Flea Life Cycle
There are four phases in the flea life cycle: egg, larva, pupa and imago (adult). Adult females first feed on blood from the host (required for reproduction) and then lay eggs on the host. These eggs usually fall from the host to the ground and hatch two days to two weeks later. Flea larvae appear and feed off dead insects, blood, or any other organic material. Fleas are usually found in dark places, as the larvae are blind and avoid light. This is why your pet's bedding, baseboards and dark places (such as under rugs, furniture and carpets) are usually infested with the highest concentration of fleas in different stages of the life cycle. Larvae then pupate and form cocoons one to two weeks later, and adult fleas appear one to two weeks after that. Vibration, heat and carbon dioxide are all signals that adult fleas use to infer that a host is present, at which time they will jump onto the host in search of blood. Adults must eat their first meal within about a week, but can survive two to three years after that between meals - yuck! This is why it is so important to treat your pet and your house (both inside and outside) as soon as you detect a flea problem.
The flea life cycle consists of egg, larva, pupa, and adult stages. This entire cycle can take place in as little as 10 days in warm, humid weather, though it can stretch out to several months if conditions are not just right for flea survival. In order to effectively combat fleas on your pet or in your home, it helps to have an understanding of each stage of their life cycle.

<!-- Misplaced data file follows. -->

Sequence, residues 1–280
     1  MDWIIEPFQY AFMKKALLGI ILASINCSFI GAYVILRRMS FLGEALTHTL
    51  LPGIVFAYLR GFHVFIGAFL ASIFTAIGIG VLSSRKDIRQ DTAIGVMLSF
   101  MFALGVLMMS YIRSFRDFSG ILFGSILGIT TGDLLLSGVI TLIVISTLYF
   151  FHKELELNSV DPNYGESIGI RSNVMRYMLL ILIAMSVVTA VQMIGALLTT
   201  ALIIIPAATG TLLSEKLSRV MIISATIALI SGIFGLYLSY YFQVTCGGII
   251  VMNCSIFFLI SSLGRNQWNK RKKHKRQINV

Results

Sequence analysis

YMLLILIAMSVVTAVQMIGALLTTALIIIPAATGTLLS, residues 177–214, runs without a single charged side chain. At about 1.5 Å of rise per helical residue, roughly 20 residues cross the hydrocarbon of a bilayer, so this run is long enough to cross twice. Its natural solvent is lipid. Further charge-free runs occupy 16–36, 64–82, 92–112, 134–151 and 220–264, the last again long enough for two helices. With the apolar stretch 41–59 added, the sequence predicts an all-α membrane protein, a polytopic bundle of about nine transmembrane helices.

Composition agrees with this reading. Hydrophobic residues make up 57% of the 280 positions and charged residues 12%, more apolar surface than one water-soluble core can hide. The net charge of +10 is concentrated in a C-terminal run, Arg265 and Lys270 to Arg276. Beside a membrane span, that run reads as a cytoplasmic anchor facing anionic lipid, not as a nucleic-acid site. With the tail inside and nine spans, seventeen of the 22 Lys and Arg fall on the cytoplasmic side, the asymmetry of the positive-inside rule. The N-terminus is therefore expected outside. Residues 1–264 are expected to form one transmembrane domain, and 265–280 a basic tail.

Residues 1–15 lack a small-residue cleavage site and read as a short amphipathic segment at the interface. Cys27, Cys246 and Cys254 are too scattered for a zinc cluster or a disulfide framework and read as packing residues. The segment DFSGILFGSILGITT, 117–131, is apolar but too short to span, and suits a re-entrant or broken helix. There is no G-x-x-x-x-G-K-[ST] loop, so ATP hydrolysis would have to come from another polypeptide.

- Egg - at any given time, about half (or 50%) of a flea population is eggs. Read more here about flea eggs.
- Larva - the larva is a worm-like stage that eventually develops into a pupa. About 35% of the population is larvae at any given time. You can read more here about flea larvae.
- Pupa - the pupa is the cacoon stage of development, which consists of about 10% of the population. Read more about pupae here.
- Adult - adults typically make up about 5% of fleas in a population. That means for each adult flea you see, there are about 10 eggs. Read more about adult fleas here.
|Adult Fleas (5%)||5%|